In the 13 years that Cascade Healthcare Services has been providing Resuscitation Training we have reviewed, applied for, and won many RFP based contracts. In all those years we've learned a lot about the process and have identified a list of best practices for creating a solid RFP or RFQ for services in the Resuscitation and First Aid industry. So to keep it simple, here are the top 10 on our list of vendor must haves.
1.Do you require American Heart Association (AHA) Credentials? There may be internal requirements for AHA credentials or you may have ties to County, State, or National requirements that necessitate issuing a valid AHA issued card. Let's distinguish between "valid" and "meets requirements" of AHA. Valid means the card is issued on behalf of the AHA by the training center or training site. Many training companies have courses that contain the same content as an AHA course but the card issued is NOT issued by the AHA and will not satisfy the requirement when it specifies an AHA card. If you don't require AHA Credentials then it serves you well to ask for an equivalency. The training center will probably have more freedom to provide cost control measures if you allow them to shop several products.
2.Require your vendors to be a Training Center: The Heart Association decided years ago to run a training center model that empowers Authorized Training Centers to act autonomously, with respect to doing business. The Heart Association requires smaller providers to work with a Training Center as a “Training Site.” This means that the Heart Association does not work directly with them but rather through the Training Center in which they are affiliated. In most cases you will want to limit your RFP to Training Centers (and require their AHA Training Center #). Training Centers are typically larger organizations with continuity of service, demonstrated compliance with the AHA, and may because of their size have the financial resources and scalability to handle your requirements. This is not a carte blanche statement as there are always exceptions to the rule.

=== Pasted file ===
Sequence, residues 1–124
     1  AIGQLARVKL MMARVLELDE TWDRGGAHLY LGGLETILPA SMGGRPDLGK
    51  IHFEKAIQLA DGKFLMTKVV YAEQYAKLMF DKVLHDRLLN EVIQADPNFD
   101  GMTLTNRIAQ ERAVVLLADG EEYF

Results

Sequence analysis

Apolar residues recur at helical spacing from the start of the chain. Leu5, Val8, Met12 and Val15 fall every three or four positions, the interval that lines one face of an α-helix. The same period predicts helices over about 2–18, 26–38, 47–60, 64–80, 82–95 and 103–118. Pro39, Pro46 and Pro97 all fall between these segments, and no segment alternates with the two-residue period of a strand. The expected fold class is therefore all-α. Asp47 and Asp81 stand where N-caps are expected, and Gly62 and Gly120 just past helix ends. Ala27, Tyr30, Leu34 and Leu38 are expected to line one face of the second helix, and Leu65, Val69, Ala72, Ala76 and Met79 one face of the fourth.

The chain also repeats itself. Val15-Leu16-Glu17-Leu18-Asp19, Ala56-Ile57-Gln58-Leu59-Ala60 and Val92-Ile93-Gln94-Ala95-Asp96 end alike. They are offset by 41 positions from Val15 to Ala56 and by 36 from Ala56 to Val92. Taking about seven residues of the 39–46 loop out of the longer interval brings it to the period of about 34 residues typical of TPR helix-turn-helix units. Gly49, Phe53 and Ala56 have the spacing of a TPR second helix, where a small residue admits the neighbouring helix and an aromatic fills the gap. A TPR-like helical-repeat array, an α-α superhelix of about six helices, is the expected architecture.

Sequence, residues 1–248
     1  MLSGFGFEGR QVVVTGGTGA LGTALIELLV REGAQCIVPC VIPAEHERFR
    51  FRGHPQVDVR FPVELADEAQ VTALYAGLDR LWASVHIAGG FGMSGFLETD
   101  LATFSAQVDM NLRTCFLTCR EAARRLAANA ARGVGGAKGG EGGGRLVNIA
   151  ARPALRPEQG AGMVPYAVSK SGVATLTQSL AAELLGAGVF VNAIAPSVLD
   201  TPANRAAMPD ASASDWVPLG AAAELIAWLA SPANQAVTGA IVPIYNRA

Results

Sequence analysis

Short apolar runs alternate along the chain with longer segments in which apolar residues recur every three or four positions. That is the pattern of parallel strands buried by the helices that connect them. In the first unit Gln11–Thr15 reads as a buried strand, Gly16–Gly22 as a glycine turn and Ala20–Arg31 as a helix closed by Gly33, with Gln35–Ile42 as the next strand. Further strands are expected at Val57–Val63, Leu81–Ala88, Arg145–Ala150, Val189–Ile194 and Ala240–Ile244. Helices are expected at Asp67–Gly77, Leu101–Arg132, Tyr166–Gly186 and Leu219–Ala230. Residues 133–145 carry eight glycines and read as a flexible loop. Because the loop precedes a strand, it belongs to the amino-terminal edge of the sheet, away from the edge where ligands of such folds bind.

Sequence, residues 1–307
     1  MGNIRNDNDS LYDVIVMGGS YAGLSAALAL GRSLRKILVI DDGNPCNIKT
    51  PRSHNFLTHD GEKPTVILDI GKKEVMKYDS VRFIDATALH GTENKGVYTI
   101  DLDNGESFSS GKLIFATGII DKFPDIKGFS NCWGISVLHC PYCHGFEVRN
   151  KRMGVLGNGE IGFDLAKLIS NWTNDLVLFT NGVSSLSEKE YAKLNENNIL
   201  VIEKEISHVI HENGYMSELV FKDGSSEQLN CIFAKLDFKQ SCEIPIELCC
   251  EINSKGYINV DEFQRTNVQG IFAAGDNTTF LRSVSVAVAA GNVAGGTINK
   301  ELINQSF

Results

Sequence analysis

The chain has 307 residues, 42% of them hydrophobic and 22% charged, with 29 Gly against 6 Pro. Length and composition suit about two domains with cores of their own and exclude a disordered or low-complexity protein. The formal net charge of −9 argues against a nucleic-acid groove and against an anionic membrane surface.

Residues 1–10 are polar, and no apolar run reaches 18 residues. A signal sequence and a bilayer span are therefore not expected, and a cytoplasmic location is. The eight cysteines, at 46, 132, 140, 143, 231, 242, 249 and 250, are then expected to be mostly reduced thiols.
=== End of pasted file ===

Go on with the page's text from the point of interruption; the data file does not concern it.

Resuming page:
3.Let go of the "intellectual property" ownership clause! It's almost boilerplate language in RFPs. The problem is that vendors don't own the 3rd party material that they credential under so they have no legal authority to provide or grant ownership of this copy written material to the client. Anyone who agrees to do is unaware of these legal obstacles. Instead, consider this language: "any material created specifically for XYZ entity…". Example: When Cascade created AMA PRA Category 1 Credit™ classes for Sutter Health, that class material is covered by the contract and thereby are the property of the hospital.
4.Public offerings are a good thing! The vendor should have the ability to open up classes at your facility to the public and to manage those reservations without troubling you. By reserving some of the seats for the public, you bring in outside hospital and prehospital staff to your facility. It's a great way to network and recruit and you don’t do any of the work. If you do it right you will have a great vendor teaching great classes and you get the credit.
5.Require course offerings off-site. This is a big one that is seldom considered. For your program to be successful you want your employees to be able to take classes off campus at the vendor's place of business or at other locations around the city. If an employee has an emergency and misses a class they should be able to attend another class that your vendor is sponsoring within a week at another location. If you are willing to outsource, then require your vendor to open up space outside of your facility. IF you can’t find a Training Center that is willing or able to do that give us a call, we can.